Ok Patara beach, you win, we decided to casually walk back towards the entrance and get out of there, which we did. And realized that on the very end of the beach there was this giant rock outcrop covered in tiny, little, stabby shrubbery. And we decided to climb it to get a bird-eye view over the ocean. It was incredible and turned out to be the best part of our day...once again, unexpected and free winning over planned and paid. We slogged up the sandy rocky shrubby rock, the only people doing so. We wondered how, even though you could see this rock from all the beach chairs, that nobody thought "hmmm, that might be cool to explore"! But then again, these were the same people that didn't want to bother walking more than 20 feet down the beach to find their own slice of sand. Anyways, we climbed to the top and the view of the long stretch of sandy beach contrasting with the churning whitecap waters made an exceptional sight.
But we weren't prepared for the other side of the rock that we could not see from Patara Beach. It was seriously like a different ocean. Calm, brilliantly turquoise with a cloud of sand moving slowly towards shore creating an incredible color divide. We wanted to climb down and swim but by all angles were met with a sheer cliff. But we kept exploring and finally found a really rocky, dropping section but it looked kind of do-able. We carefully scrambled down, down, down. Sidenote on proper footwear: we never have it. We have done so many things in the wrong footwear this trip that it all seems totally normal until you're halfway down a rocky "not path" and you suddenly click in and realize just how completely ludicrous it is that you are wearing flimsy little flip-flops to do this but you have a choice to not do it or do it wearing shitty shoes so shitty shoes wins. Anyways, we climbed down until we found a little rocky inlet at the bottom where clearly people have had a firepit before. And from here the water was almost touchable, washing in in rolling waves to the little inlet we were in. The water looked so fresh and enticing and we probably could have swam there buuuuuut I got a little nervous because even though the waves looked "rolling", I was starkly aware that the entire power of the ocean was hurdling towards this one small inlet and not sure what the downward current would have been like so didn't want to risk it, especially since getting any sort of immediate help from where we were would have proven challenging. Though he took a bit more convincing than me, I was shocked when Bridger did not get in...subconsciously I think he's a little bit more safety conscious than he thinks he is! We spent about an hour down here before headed back to the exit, the lovely setting sun in the background.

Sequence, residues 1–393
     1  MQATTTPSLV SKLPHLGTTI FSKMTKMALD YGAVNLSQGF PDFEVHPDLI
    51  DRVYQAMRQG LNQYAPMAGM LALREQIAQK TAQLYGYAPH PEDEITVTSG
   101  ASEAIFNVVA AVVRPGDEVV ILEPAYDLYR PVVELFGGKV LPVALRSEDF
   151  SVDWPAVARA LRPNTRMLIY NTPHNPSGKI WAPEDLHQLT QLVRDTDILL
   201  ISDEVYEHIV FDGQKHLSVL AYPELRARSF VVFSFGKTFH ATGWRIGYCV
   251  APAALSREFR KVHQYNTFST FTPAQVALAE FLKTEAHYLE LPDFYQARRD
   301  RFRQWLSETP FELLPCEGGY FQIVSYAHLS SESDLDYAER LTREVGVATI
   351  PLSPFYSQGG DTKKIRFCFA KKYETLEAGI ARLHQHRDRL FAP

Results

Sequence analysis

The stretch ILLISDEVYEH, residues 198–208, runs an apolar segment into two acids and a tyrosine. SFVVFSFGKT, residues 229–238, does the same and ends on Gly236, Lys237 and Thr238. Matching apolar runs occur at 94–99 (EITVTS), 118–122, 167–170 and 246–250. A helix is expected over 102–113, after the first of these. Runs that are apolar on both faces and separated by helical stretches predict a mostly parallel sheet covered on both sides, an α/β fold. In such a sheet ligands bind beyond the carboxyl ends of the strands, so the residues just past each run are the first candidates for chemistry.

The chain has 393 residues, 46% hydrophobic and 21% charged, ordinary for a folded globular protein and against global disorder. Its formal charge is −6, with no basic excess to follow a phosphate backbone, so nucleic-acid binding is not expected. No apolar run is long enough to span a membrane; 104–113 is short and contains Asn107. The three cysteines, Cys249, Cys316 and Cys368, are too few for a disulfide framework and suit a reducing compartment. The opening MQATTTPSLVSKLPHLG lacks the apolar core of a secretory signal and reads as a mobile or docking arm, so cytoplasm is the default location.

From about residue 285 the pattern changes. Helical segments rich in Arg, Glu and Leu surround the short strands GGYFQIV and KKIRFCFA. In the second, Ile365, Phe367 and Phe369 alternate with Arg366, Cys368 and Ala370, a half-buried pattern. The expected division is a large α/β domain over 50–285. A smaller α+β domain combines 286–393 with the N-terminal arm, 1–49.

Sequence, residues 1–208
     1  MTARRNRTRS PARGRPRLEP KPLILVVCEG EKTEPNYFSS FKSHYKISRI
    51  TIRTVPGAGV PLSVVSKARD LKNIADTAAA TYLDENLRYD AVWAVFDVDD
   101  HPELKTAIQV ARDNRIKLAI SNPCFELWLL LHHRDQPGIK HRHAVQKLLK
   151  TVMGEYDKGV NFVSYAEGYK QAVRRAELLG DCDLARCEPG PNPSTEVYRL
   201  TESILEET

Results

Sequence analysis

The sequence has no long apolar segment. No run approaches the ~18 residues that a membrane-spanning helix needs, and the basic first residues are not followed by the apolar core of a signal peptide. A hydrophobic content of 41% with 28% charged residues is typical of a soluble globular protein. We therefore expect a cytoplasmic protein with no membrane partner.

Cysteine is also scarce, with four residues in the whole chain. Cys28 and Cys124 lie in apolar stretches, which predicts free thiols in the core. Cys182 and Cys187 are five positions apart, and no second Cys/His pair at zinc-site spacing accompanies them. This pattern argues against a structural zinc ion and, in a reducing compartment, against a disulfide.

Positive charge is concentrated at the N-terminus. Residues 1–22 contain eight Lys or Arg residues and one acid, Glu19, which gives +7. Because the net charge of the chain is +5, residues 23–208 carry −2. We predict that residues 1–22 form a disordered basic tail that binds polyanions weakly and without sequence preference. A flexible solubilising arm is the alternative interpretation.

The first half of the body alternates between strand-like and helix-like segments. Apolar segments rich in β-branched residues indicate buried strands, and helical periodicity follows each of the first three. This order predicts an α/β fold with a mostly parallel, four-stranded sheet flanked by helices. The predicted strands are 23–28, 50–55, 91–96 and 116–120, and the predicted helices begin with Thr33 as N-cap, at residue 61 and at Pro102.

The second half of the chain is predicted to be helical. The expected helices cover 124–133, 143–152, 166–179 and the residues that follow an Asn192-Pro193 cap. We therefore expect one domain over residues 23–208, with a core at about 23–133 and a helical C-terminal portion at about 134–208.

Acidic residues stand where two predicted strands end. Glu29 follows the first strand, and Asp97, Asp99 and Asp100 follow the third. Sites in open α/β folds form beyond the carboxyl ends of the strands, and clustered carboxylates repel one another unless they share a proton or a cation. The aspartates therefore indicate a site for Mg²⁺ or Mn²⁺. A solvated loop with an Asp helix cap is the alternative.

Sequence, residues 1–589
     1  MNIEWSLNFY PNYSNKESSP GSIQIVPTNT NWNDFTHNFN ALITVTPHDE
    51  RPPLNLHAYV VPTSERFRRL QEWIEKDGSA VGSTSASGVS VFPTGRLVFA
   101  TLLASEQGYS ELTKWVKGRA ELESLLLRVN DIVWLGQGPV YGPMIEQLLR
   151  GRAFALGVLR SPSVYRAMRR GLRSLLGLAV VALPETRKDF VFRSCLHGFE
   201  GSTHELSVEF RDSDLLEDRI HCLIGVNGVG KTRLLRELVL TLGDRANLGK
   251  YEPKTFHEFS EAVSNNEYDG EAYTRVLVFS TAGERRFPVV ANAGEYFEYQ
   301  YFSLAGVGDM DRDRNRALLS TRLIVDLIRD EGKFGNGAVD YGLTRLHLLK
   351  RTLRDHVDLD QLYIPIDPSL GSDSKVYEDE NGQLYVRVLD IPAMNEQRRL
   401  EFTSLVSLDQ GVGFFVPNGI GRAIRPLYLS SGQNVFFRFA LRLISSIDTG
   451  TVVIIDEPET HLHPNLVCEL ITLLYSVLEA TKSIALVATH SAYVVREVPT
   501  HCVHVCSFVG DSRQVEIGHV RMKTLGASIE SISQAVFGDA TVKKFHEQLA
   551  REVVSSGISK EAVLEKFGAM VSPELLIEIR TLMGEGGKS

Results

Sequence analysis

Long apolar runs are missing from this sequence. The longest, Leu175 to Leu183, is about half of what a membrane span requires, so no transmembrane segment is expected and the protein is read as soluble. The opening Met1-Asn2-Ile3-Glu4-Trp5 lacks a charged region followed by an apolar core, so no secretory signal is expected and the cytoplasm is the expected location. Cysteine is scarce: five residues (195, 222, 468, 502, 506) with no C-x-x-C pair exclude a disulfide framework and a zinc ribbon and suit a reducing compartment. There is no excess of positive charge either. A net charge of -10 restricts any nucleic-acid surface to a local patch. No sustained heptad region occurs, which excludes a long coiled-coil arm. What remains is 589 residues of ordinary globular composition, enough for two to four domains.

We've chatted about this several times since but even though Patara Beach was not at all what we expected and not at all relaxing, defying all reason, we were in unanimous agreement about absolutely loving it. It was kind of surreal how empty and peaceful it was and how completely unique. And unlike all discovered awesome places, this one actually seems to have a positive prognosis to stay that way. The beach itself is a protected nesting ground for sea turtles (sadly didn't see any). This in combination with being backed by a protected ruins site ensures that, so long as this continues, resort and development will be barred from Patara's coast. The entire development as it stands consists of Patara town, a few km road from there making its way through a grassy valley floor strewn with ruins making its way, through a layer of trees/vegetation where it ends in a dusty parking lot with a single sign, a small boardwalk flanked by trees and the beach. The entire scene is just so natural and serene which can be a hard thing to find in our globetrotting kind of world. Actually I think that's one of the things that we love so much about Turkey. Even though it is such a heavily touristed country, in so many places it still feels empty and you can still find your own little spot in so many of the places we go.